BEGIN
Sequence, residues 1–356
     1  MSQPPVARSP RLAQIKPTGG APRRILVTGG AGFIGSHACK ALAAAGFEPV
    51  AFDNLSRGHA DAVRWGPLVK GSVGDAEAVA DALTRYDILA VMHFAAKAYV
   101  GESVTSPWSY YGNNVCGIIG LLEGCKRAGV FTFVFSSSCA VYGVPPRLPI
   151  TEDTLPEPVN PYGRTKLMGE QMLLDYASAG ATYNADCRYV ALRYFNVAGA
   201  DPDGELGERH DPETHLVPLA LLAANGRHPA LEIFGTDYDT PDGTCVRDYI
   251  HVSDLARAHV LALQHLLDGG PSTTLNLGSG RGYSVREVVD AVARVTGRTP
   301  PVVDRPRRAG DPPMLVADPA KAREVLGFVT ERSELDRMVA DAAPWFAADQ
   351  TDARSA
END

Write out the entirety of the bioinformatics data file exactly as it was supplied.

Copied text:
Sequence, residues 1–356
     1  MSQPPVARSP RLAQIKPTGG APRRILVTGG AGFIGSHACK ALAAAGFEPV
    51  AFDNLSRGHA DAVRWGPLVK GSVGDAEAVA DALTRYDILA VMHFAAKAYV
   101  GESVTSPWSY YGNNVCGIIG LLEGCKRAGV FTFVFSSSCA VYGVPPRLPI
   151  TEDTLPEPVN PYGRTKLMGE QMLLDYASAG ATYNADCRYV ALRYFNVAGA
   201  DPDGELGERH DPETHLVPLA LLAANGRHPA LEIFGTDYDT PDGTCVRDYI
   251  HVSDLARAHV LALQHLLDGG PSTTLNLGSG RGYSVREVVD AVARVTGRTP
   301  PVVDRPRRAG DPPMLVADPA KAREVLGFVT ERSELDRMVA DAAPWFAADQ
   351  TDARSA